His popularity can be attributed to the creation of a framework for farmers’ growth, the Beti Bachao-Beti Padhao scheme and the laying of a decent road network.
Various exit polls had predicted a close fight in Madhya Pradesh assembly elections. MP was the cynosure of all eyes, mainly because of its size (230 seats). Another reason was the stature Shivraj Singh Chouhan had gained over the years through his disarming style of functioning and his well-crafted low profile. His popularity can be attributed to the creation of a framework for farmers’ growth, the Beti Bachao-Beti Padhao scheme and the laying of a decent road network.
While some had indicated a Congress victory, a confident Chouhan had boasted that his “party would win 165 seats”. Where did he go wrong? Was it the wrong selection of BJP candidates? Was it anti-incumbency? One of the greatest follies of Shivraj was to antagonise the upper castes. His championing of caste-based reservations took the Brahmins,Thakurs and even the minorities (Jains and Sikhs, if not Muslims) away from the BJP. The issue was of reservation in government jobs that angered government employees just the way Digvijaya had invited their wrath with Dalit agenda in 2002-2003. He was also perceived to be a failure in curbing corruption at high places. Not only was VYAPAM a big blot on his government, many other scams such as e-tender scam, and a large number of corrupt officers caught by Lokayukta, created an impression that Chouhan was turning a blind eye to corruption. He had also refused to drop many of his tainted cabinet colleagues. Many party insiders say that most MP leaders and middle-level workers did not really want him to win because he was charting his course alone!
Though it was Chouhan who had given the slogan of “making agriculture a profitable business “ in MP, the Bhavantar scheme was introduced last year at a time when bumper yields of onion, tomatoes and other crops had brought down the rates in the market. The government jumped into the market war and tried to insulate the farmer but the scheme did not really benefit the recipients. Unfortunately for him, all this resulted in the Mandsaur outrage which saw the killing of six farmers.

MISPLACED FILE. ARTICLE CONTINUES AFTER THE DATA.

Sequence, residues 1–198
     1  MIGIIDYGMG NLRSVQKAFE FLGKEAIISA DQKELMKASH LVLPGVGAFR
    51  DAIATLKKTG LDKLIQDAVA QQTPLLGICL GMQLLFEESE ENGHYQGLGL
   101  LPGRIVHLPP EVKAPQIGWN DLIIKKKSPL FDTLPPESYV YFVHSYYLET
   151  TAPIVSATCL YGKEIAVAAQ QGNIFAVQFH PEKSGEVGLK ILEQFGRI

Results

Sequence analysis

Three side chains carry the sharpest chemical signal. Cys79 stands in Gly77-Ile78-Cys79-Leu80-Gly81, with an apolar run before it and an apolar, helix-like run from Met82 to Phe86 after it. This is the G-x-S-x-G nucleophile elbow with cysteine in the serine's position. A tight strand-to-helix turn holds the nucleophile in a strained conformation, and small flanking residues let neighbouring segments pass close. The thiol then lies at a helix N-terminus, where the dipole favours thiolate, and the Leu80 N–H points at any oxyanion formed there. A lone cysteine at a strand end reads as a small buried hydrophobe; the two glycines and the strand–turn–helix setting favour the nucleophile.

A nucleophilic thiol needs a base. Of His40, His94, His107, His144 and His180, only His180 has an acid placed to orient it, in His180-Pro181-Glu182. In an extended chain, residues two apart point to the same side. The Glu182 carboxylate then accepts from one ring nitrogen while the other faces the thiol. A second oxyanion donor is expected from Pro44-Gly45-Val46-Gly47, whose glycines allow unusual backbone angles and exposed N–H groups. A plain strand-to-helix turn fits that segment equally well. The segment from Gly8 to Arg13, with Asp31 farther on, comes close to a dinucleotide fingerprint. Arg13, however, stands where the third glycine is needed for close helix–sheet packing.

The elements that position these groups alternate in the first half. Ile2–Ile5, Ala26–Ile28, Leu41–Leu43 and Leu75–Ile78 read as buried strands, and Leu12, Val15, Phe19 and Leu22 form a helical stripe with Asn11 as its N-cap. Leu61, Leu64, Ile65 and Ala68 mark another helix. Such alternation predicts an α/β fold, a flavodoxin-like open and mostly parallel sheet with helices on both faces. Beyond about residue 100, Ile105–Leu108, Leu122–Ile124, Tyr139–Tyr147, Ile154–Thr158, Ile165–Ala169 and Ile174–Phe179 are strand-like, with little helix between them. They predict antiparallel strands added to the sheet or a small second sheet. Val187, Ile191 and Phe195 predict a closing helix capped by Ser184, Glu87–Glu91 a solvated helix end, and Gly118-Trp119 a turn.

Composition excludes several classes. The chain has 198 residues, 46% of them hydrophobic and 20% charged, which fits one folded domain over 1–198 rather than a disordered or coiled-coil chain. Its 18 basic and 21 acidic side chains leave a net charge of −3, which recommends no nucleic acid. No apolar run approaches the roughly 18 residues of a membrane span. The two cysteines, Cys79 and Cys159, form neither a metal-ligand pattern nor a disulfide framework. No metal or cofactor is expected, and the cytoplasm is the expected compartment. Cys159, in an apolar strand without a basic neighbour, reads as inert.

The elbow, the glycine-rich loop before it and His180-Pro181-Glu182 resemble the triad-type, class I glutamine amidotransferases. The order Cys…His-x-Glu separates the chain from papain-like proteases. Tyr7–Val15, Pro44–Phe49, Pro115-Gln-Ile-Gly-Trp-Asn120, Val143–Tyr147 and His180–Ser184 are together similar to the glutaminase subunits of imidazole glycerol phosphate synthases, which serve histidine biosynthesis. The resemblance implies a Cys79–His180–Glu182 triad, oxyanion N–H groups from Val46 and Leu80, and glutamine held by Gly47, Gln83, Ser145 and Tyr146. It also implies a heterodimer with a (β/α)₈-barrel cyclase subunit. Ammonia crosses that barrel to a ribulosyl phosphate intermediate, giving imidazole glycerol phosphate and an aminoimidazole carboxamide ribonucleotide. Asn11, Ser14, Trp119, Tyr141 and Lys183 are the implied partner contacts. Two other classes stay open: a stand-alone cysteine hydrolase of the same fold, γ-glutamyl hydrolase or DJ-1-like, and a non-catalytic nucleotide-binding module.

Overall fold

But BJP’s performance in MP clearly shows that despite 15 years of rule, Chouhan is still a vote-catcher. He had already made history in 2013 winning the state elections with a thumping majority in terms of poll percentage and seats which stood at 44.05 per cent and 165, respectively. Anti-incumbency had set in back then, but with key strategists such as Anil Dave and Arvind Menon, he could become the CM for the third time.
There is no denying the fact that Chouhan had reformed the agriculture sector to a great extent: Bringing down bank loan rates, from 16 per cent to zero per cent, forming a small agriculture cabinet to take speedy decisions, and installing a separate feeder line for electricity. The changes in MSP completed the agri-success story.
While getting awards for agriculture growth, Chouhan did not take his eyes off industrial development or road-building either. If industrial investment’s official figures are to be believed, between 2003, the last year of Congress regime, and 2018, it rose by 2420 per cent pegged at Rs 2 lakh crore. Two very successful industry summits held at Indore in 2012 and 2014 saw major industrial groups vying with each other to set up shop in MP. The state boasts of large solar energy plants in Neemuch near Rajasthan and in Rewa, bordering UP.
When MP formulated industry-friendly policies such as easy land allotment and acquisition procedures and changes in electricity tariffs etc, big industry started making its way into the backward state where road network was extremely bad. The BJP government constructed about 1.50 lakh km of roads.
However, the state was in a mood for change. The BJP high command depended a little too much on Chouhan alone and weaved its entire campaign around him in the absence of any other tall and equally popular leader in the state. Also, the BJP had grossly underestimated the Congress’s strength and preparedness and kept saying that Kamal Nath and Jyotiraditya Scindia were out of touch with ground realities. On the contrary, Congress had actually worked very meticulously in a short time. PCC chief Nath became the party boss only in April 2018 replacing Arun Yadav, the farmer leader. Scindia, on his part, provided terrific energy to the party campaign and many feel that if he had been made the face of the party, Congress would have won the battle comfortably.